PH withdraws from global transparency initiative on mining, fuel

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Metro Manila (CNN Philippines, June 22) — The Philippines has exited from the Extractive Industries Transparency Initiative (EITI) over what it calls a “subjective, biased and unfair” quality assurance assessment process of the country’s compliance with requirements.

“The Philippines has no confidence in the ability of the EITI to undertake an impartial, transparent, and evidence-based Validation process,” said Finance Secretary Carlos Dominguez III in a letter to EITI on June 20.

The Department of Finance heads the Philippine EITI (PH-EITI), a multi-stakeholder body which oversees the country’s implementation of the global transparency initiative’s standard.

Countries that are part of the EITI commit to disclose information along the extractive industry chain - which includes how rights to extraction of oil, gas, and minerals are awarded, how revenues reach the government, and how these benefit the public.

EITI also provides data which could aid in identifying and closing channels for corruption not only for these extractive industries but the renewables sector as well.

Dominguez stated that his agency has “repeatedly sought” details of alleged civic space issues to allow the Philippine government to address them - which he says the EITI hasn’t done.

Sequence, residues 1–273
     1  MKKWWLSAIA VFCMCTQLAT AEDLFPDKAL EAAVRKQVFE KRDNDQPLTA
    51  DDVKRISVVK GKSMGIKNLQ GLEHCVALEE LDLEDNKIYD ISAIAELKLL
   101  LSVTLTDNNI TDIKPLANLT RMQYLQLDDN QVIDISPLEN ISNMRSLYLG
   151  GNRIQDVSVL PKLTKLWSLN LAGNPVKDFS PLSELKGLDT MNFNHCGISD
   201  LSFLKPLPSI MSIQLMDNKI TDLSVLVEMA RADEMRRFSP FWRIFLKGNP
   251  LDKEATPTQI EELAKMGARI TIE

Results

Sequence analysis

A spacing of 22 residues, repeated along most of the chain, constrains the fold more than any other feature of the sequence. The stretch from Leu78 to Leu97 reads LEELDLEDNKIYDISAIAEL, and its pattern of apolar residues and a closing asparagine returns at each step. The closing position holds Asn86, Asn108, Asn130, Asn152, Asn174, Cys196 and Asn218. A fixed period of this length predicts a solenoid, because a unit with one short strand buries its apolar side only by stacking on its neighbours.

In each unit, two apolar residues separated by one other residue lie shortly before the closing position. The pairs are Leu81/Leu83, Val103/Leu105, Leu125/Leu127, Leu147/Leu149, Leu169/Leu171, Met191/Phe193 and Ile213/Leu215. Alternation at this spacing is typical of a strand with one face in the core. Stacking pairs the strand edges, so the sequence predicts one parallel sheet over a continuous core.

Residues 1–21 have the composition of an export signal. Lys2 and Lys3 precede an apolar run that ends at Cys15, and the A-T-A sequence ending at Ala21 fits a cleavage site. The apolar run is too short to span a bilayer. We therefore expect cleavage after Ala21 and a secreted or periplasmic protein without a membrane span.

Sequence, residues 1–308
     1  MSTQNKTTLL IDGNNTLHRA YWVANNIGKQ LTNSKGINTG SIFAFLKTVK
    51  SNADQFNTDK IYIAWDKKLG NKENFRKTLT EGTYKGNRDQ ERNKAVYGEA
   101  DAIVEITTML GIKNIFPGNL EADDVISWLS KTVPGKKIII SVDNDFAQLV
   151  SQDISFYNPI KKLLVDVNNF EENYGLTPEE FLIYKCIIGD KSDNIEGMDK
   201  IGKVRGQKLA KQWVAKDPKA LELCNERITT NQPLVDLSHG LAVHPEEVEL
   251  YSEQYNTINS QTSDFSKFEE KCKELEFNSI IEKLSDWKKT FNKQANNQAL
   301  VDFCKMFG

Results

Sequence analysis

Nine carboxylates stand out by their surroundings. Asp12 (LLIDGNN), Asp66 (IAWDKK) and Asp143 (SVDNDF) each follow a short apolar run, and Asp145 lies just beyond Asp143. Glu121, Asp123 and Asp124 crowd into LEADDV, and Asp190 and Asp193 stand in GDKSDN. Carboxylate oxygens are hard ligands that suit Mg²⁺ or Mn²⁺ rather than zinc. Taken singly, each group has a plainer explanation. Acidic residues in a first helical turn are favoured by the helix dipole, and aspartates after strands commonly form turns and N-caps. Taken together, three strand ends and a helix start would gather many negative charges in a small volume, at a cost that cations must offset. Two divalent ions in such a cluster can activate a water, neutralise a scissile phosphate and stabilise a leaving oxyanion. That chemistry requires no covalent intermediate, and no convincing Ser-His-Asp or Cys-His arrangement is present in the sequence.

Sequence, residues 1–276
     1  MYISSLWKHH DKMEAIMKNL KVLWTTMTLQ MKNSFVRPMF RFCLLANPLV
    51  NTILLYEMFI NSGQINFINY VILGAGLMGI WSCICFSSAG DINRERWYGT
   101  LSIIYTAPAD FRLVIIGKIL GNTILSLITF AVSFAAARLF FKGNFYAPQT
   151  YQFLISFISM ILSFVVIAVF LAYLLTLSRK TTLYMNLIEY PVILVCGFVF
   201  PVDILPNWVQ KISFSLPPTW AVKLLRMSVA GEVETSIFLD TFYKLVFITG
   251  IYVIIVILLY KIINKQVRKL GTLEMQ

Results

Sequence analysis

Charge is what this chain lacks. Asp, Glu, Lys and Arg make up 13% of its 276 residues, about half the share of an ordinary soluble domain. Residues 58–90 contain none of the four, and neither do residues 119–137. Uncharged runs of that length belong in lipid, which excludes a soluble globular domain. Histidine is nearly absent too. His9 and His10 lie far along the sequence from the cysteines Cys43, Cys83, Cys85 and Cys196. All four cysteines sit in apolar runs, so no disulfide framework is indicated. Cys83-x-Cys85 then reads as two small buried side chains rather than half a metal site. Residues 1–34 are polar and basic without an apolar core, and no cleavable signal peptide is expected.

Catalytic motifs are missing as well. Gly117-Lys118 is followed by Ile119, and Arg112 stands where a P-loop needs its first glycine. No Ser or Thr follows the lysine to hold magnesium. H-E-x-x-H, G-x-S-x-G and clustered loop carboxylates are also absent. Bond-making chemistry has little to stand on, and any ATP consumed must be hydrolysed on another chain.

“We refuse to be taken hostage by unverified allegations from foreigners and people who have no mandate from the electorate,” said the DOF chief.

The Philippines has been implementing the EITI since 2013 and was recognized by the initiative in 2016. The DOF noted that the country was declared the first among over 50 countries worldwide to fulfill satisfactory progress in meeting EITI requirements in 2017.

Sought for comment, EITI Board member and PH-EITI founding member Cielo Magno called the country’s withdrawal “disappointing” given its initial fine performance.

“One of the core principles of EITI implementation is the protection of civic space. This ensures accountability. There were questions about the state of civic space in the Philippines given the red tagging and violence against environmental defenders,” Magno, who represents civil society in the EITI Board, told CNN Philippines.

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“I don’t think human rights protection is an imposition. It is something that we all should champion and protect. Unfortunately, the current government does not want to take any initiative to protect and strengthen civic space in natural resource governance,” she said.

The University of the Philippines associate economics professor also referred to the nation’s exit from EITI as “unfortunate,” especially with the expected rise in demand for critical minerals in the transition to cleaner energy.

“Massive extraction of minerals combined with bad governance in the sector usually lead to the so called ‘resource curse.’ That is what EITI is trying to prevent. Without EITI, there is less opportunity for the various sectors to work together and address the governance issues of the Philippines,” Magno said.

Still, Dominguez assured the country can still ensure transparency in the extractives sector given it has the process, systems, and manpower to do so.

“The government will continue to champion better resource and revenue management, and ensure that resource utilization remains open, accountable, and responsive to the needs and aspirations of Filipinos,” he said.